With the crazy weekend in college football, many writers and national college football analysts are all drinking the Johnny Manziel kool-aid. But I am here to tell you to not buy into the Johnny Football hype.
1. His Stats are deceiving.
Sure 3,000 passing yards and 1,000 rushing yards looks impressive but when you look closer, you see that those statistics are misleading.
Against Sam Houston State, South Carolina State and teams below a Top 30 ranking in Total Defense.
2345 passing yards, 9.8 yards per attempt, 19 touchdowns, 4 interceptions.
942 rushing yards, 7.9 yards/rush. 16 rushing touchdowns.
Against LSU, Florida and Alabama (Top 30 defenses)
702 passing yards, 6 yards/attempt, 2 touchdown, 3 Interceptions.
179 rushing yards, 3.4 yards/rush. 1 rushing touchdown.
Sure Johnny Manziel is great against weaker opponents, but we don’t hand out the Heisman to someone who beats up the sisters of the poor.
2. No Heisman Moment.
Unless you count a nickname that might have been catchy in the 1950s, coincidentally the last time Texas A&M was nationally relevant in college football, all his potential Heisman moments were against weak opponents. Most of the potential Alabama Heisman moments were when Ryan Swope bailed him out. Don’t give me the touchdown pass in the first quarter against Alabama where the ball got knocked out and he was able to catch it in mid air. Swope was wide open in the endzone, many division 1 quarterbacks could have made that throw.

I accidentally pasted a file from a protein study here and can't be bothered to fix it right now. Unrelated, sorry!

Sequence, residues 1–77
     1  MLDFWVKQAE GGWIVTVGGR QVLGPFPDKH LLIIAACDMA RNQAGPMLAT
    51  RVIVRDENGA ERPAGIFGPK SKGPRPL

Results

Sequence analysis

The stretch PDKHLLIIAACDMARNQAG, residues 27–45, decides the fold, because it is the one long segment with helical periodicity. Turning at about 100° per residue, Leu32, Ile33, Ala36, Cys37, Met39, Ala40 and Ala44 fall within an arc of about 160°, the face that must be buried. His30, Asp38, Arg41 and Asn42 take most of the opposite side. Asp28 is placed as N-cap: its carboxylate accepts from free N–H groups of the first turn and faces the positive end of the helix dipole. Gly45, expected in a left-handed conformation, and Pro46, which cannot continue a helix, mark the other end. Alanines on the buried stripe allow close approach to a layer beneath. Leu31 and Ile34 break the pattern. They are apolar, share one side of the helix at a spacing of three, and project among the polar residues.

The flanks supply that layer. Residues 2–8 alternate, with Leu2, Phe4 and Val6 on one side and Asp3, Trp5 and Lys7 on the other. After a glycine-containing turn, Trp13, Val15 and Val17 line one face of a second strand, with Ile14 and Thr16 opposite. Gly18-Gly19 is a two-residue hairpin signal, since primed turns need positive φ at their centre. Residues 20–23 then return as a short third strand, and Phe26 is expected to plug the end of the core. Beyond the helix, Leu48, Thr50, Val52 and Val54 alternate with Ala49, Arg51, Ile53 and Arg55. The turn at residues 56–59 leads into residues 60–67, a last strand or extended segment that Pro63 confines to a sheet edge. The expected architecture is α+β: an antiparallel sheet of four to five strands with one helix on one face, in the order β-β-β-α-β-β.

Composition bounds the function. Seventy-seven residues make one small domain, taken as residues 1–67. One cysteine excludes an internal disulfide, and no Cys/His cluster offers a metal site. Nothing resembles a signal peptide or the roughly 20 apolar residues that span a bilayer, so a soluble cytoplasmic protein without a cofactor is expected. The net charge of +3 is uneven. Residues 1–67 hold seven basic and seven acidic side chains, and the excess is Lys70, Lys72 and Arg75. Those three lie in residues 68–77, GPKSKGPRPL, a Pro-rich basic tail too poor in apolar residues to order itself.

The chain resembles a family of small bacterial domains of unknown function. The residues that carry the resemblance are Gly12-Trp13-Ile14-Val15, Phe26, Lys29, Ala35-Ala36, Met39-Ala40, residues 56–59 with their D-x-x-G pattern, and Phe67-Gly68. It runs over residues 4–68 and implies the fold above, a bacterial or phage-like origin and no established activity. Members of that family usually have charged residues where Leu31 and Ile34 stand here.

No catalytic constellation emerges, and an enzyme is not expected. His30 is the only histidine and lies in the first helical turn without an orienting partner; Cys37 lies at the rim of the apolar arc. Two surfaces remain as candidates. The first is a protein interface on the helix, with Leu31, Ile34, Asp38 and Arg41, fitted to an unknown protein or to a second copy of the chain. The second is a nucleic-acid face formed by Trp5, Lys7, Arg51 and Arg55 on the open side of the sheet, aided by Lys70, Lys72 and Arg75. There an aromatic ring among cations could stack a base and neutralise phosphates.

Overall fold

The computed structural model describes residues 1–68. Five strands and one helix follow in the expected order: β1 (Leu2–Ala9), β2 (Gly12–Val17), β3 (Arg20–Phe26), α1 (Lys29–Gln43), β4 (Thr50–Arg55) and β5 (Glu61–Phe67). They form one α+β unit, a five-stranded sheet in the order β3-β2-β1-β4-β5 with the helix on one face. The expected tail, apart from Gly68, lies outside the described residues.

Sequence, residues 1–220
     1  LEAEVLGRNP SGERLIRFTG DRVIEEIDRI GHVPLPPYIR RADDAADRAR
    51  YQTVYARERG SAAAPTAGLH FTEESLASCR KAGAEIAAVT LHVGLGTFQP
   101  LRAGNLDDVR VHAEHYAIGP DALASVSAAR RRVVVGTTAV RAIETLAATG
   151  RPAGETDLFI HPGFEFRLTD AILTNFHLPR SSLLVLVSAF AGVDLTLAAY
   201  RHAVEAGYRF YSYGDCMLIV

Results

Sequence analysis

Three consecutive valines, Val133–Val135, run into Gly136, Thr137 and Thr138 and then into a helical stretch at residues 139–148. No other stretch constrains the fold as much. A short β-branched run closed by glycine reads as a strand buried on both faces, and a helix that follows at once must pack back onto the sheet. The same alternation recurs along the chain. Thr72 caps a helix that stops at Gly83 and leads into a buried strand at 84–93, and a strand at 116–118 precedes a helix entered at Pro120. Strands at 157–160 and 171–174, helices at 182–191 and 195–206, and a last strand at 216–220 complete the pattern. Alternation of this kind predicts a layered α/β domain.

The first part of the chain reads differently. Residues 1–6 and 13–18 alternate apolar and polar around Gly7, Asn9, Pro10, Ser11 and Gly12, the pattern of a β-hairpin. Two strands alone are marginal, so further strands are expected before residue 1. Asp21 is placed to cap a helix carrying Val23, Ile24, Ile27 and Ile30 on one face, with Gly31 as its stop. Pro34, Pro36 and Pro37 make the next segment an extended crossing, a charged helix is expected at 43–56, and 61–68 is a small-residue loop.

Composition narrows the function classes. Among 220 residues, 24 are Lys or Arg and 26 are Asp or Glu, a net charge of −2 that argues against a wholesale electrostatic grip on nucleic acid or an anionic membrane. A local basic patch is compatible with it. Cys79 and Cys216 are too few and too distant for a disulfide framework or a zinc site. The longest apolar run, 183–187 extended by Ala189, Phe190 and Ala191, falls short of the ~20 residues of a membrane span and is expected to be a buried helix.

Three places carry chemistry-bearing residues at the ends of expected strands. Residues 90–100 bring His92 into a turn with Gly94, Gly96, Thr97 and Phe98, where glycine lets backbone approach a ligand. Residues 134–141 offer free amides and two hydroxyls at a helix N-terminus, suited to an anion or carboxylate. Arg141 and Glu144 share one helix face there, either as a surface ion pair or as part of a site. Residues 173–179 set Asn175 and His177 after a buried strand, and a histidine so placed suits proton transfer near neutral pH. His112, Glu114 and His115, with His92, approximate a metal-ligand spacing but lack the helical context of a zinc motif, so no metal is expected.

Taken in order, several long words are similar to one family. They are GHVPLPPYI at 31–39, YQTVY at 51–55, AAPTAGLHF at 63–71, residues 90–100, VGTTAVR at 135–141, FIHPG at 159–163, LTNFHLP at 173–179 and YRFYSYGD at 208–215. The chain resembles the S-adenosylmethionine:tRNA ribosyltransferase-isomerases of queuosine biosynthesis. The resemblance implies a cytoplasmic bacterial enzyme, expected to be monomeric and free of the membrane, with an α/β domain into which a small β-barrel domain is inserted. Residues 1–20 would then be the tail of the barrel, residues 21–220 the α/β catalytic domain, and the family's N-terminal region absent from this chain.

There was no moment like the Robert Griffin touchdown toss against Oklahoma or The Cam Newton run against LSU.
So if you want to just give the award to the first quarterback who threw for 3 interceptions in one game in the same season he won the Heisman, be my guest. But you need to understand the Paper tiger that is Johnny Manziel.